Allen had done his research on the federal aviation regulations and found a window of opportunity to overlap his experience and flight time requirements for commercial, instrument and multi-engine ratings. He searched the Internet for months, finally finding flight instructor, Dan Gryder, in Atlanta. Gryder was quoted in Russ Niles in AVWeb, “When he first approached me about it I didn’t think it was possible.” Though after Allen’s persistence, Gryder stated, “It took him 60 days to convince me to do this in 30 days.” Together, Gryder and Allen designed a training path that would allow him to keep the cost down from the traditional $100,000 that it would typically cost to obtain these five certificates, but also have enough training and testing to get what he needed.

Already having over 1,200 hours of private pilot flying under his belt and the required written test taken care of, Allen began his instrument training with Gryder Sept. 2. Most of his instrument training was done in a single-engine airplane, and the instrument checkrides were done in a twin-engine airplane. When he wasn’t flying the real deal engine, Allen used a Redbird simulator. Over a month, Allen racked up 100 hours of flight time, which Allen’s dad will tell you, is a “whole lot of flight training.” “I flew day and night between those 60 days,” Allen stated.

Save Your Hearing!

Say again?

By Amy Laboda

Cockpit noise is far more than just a nuisance. 

I live and work at a small airport. That makes me an expert on noise. I’ve heard it all, from the thop-thop of helicopter blades beating against thick morning air to the supersonic roar of propeller blades on a Cessna pulling it skyward; from the hum of GE turbofans on takeoff to the gentle chirps of rubber on asphalt, followed by a deep roar as the pilot hits the thrust reversers.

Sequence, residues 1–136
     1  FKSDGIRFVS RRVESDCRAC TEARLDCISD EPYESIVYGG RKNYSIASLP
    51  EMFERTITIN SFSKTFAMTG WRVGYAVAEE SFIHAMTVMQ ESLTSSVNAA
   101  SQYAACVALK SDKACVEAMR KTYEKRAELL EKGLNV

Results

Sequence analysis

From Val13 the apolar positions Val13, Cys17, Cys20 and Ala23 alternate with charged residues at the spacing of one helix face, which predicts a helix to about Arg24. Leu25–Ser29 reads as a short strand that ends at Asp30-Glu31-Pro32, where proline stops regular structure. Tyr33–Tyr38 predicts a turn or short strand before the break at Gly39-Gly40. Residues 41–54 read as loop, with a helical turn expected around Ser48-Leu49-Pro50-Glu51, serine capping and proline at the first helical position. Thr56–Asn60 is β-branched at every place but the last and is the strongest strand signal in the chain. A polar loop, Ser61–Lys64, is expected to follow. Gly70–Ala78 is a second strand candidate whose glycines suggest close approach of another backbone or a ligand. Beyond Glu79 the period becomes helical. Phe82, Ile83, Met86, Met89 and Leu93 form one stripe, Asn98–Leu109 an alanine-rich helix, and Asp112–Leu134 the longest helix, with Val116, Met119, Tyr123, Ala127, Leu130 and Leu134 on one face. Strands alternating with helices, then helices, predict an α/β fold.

And that’s just what I hear standing outside my office. External airport noise, real as it is, generally pales in comparison to the hearing-damaging decibels most of us encounter when our ears are unprotected in the cockpit of a small piston- or turbine-powered propeller airplane or helicopter. I’ve been subjecting myself to these kinds of noises, both on the ramp and in the air for neigh on 45 years, first as a passenger, then as a professional pilot and I can tell you, hearing loss in our profession is real. And the fatigue that comes from being subjected to such loud and constant sound all day or night long is real, too.

Let me quantify this for you. How loud is too loud? Permanent hearing damage can occur from sounds louder than 85 dB, and physical pain occurs at around 125 dB. You decibel_exposure_chartcan burst an eardrum at 140 dB—a level reached by a jet engine revving up on the ramp as its pilot throttles up to taxi out for takeoff. The graphic at right shows how much a human ear can stand before damage. OSHA requires workers exposed to noise levels higher than 85 dB to use hearing protection equipment.

OSHA is not being overprotective. I fly one of the noiser airplanes out there, an RV-10 with a two-blade propeller. Two-blade propellers are longer than three blade varieties, and have been documented as making more noise. I’ve also got fixed gear, and no sound insulation (we never even got around to putting in a headliner). Measured decibels on takeoff from inside the cabin are—yeah I’m not going to tell you. It’s bad.